When it comes to employment lawsuits, HR is a lot like flying an airplane: The most risky parts of the trip are at the takeoff (hiring) and the landing (dismissal).
With hiring, you can limit the employment-law risks by following the legally safe steps and training supervisors to do the same.
Laws related to hiring
Congress has pieced together a patchwork of laws protecting workers and applicants from discrimination:
1. Best known is Title VII of the Civil Rights Act of 1964, which prohibits employers from discriminating against employees and applicants based on their race, color, sex, religion or national origin.
2. Employers must also comply with the Equal Pay Act of 1963, which says employers can’t pay female employees less than male employees for equal work on jobs that require equal skill, effort and responsibility.
3. The Pregnancy Discrimination Act of 1978 makes it illegal to discriminate on the basis of “pregnancy, childbirth or related medical conditions.” You can’t deny a job or promotion merely because an employee is pregnant or had an abortion.
4. The Age Discrimination in Employment Act of 1967 prohibits you from refusing to hire applicants who are age 40 or older because of their age.
5. The ADA protects qualified disabled individuals from discrimination and mandates that employers take affirmative steps to accommodate them in the application process and in the workplace.
Nowadays, the risk of litigation goes beyond firing. When you bring on a new hire, EVERY step of the way – from writing the ad and conducting interviews to checking references and making the offer – can leave you exposed to a crippling lawsuit.
To keep you in compliance and out of court, we're re-releasing our top-selling "boss's rights manuals" — Hire at Will and Fire at Will — to HR professionals and executives across the country. Get your copies of this 2-report combo...
4 principles of hiring
To stay out of court, build your hiring process around these principles:
1. Create a job description that’s accurate, job-related, nondiscriminatory and up-to-date.
2. Advertise the opening in a way that complies with federal and state anti-discrimination laws. It should never favor workers based on age, race, gender, religion or disability status.
3. Conduct interviews in a way that accommodates applicants with disabilities and shows that you aren’t using the process to screen out qualified members of protected classes.
4. Use a selection and testing process that is blind to a candidate’s race, sex, age (if over 40), national origin and religion, and that offers reasonable accommodations to qualified disabled applicants.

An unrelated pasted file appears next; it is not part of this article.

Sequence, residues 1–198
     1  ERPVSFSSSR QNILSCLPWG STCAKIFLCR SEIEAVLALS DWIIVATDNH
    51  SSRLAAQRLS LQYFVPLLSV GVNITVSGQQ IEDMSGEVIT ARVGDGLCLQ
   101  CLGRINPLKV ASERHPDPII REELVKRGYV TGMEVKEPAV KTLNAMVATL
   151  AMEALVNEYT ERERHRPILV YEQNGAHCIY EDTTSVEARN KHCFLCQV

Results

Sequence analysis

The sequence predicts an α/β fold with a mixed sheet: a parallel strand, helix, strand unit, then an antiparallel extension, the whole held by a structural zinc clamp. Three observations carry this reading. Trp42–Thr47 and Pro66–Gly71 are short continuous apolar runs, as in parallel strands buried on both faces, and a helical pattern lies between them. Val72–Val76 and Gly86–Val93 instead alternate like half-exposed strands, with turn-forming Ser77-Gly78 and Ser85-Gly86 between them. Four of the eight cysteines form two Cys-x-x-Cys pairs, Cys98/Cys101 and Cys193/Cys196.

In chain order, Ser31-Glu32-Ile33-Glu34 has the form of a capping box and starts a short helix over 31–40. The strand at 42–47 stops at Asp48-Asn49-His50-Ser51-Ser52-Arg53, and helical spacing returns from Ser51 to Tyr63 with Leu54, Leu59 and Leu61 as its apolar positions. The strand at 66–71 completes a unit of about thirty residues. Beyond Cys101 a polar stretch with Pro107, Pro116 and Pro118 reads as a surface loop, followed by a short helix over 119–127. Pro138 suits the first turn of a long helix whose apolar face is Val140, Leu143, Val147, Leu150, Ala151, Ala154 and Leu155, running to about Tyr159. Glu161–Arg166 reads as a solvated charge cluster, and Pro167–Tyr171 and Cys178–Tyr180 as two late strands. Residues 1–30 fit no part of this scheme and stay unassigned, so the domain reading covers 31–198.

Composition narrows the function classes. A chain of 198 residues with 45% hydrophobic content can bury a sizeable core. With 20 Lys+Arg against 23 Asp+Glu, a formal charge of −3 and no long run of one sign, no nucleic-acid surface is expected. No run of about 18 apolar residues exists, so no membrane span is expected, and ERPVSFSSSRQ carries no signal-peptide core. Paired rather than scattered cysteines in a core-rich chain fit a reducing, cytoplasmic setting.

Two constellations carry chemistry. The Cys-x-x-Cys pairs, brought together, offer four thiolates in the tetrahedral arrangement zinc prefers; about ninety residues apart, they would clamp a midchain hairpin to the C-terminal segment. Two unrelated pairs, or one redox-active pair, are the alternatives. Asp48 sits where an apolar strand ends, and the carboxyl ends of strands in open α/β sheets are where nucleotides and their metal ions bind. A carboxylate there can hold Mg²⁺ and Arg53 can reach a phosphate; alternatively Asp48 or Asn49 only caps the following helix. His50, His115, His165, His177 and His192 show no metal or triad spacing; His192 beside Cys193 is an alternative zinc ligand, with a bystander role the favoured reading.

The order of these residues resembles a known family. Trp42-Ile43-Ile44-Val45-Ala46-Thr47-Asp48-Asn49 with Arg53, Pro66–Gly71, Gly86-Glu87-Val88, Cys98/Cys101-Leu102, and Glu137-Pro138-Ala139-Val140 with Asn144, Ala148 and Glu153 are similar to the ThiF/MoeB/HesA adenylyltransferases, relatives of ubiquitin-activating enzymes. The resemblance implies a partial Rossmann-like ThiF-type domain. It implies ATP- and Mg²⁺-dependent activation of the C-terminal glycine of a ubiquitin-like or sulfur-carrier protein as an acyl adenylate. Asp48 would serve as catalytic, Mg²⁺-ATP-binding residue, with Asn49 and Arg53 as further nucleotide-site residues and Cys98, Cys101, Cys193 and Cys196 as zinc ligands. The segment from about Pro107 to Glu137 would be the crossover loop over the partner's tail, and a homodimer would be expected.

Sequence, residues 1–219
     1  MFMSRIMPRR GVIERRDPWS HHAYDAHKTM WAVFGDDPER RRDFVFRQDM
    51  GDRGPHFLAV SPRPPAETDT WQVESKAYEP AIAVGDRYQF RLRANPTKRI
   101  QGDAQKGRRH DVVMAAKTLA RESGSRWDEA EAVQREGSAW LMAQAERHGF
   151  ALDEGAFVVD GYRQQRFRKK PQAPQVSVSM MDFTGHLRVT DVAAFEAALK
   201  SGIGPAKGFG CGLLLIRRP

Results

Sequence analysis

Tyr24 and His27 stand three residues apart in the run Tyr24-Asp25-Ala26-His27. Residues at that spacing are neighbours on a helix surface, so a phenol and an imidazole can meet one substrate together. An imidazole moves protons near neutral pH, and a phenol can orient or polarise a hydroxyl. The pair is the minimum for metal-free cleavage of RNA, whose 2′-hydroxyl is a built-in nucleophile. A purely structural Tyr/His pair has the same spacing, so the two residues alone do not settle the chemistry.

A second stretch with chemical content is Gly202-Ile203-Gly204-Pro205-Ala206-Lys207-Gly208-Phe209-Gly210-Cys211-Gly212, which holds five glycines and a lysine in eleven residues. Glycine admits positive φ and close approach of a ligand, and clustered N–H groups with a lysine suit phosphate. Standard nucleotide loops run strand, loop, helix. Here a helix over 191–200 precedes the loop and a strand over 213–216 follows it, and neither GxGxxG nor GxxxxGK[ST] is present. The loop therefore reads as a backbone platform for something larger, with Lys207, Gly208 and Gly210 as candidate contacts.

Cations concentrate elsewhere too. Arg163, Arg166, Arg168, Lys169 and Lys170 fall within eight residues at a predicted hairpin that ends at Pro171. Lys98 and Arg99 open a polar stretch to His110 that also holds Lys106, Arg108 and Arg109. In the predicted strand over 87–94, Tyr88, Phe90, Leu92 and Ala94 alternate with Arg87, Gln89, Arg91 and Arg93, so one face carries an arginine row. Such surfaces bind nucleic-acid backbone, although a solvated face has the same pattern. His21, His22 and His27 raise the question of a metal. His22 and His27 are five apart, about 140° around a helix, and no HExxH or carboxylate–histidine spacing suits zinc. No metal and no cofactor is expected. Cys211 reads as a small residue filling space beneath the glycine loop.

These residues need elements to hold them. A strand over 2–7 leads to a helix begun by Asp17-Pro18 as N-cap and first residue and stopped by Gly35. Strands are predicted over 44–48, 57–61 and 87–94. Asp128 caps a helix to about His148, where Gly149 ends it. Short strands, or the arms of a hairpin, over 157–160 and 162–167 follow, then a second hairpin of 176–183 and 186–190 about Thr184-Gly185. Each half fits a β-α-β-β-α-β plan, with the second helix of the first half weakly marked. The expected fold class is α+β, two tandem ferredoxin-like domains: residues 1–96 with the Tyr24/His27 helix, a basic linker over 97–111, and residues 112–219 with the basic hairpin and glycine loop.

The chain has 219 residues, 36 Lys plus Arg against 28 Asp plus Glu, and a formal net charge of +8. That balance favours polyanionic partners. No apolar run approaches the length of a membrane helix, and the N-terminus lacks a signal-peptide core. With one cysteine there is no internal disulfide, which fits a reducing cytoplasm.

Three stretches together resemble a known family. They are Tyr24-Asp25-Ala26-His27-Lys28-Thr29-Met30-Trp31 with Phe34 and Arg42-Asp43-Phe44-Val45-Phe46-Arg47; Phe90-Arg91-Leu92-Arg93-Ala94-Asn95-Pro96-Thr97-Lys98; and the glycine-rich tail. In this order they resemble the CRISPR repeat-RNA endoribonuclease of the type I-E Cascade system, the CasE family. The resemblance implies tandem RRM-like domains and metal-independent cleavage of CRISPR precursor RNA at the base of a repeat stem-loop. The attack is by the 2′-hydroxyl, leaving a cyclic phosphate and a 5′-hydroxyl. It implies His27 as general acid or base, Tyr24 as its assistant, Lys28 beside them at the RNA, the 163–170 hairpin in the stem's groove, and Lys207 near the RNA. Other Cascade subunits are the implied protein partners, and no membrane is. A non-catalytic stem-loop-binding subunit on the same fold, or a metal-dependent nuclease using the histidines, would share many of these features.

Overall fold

3 levels of enforcement
The EEOC enforces most federal employment discrimination laws, while the U.S. Department of Labor administers most federal wage-and-hour laws.
Most states have their own departments of labor and equal employment commissions, as well as laws that parallel federal ones or offer even greater protection for workers.
Plus, some cities have employment ordinances that prohibit discrimination on additional grounds, including protecting applicants in same-sex relationships.
Hire at Will outlines the issues involved in hiring today and offers strategies that will make your hiring efficient, effective — and legal.
Soon you’ll know:
- How to hire the people you want, with no fear of being sued.
- 13 ways to reduce your cost per hire and still get the best person for the job.
- 8 loaded interview questions that elicit the information you’re really looking for without having to come right out and ask.
- Written tests for honesty, personality, aptitude and productivity … which ones work best? Which are legal? Which ones should you avoid absolutely?
- When you can safely refuse to accommodate a disabled worker – ADA or no ADA
- How to avoid the trap of “negligent hiring” and the expensive trouble it brings
- The “magic” statement to include on all job applications to retain your right to fire at will
- How to Fire an Employee the Legal Way: 6 Termination Guidelines
- 10 Secrets to an Effective Performance Review
- Do we have to compensate employees who answer pagers off-the-clock?
- Tell victims how to report future harassment
- When figuring time worked, you must round in employee's favor
- Lame excuses for rejecting candidates can land you in court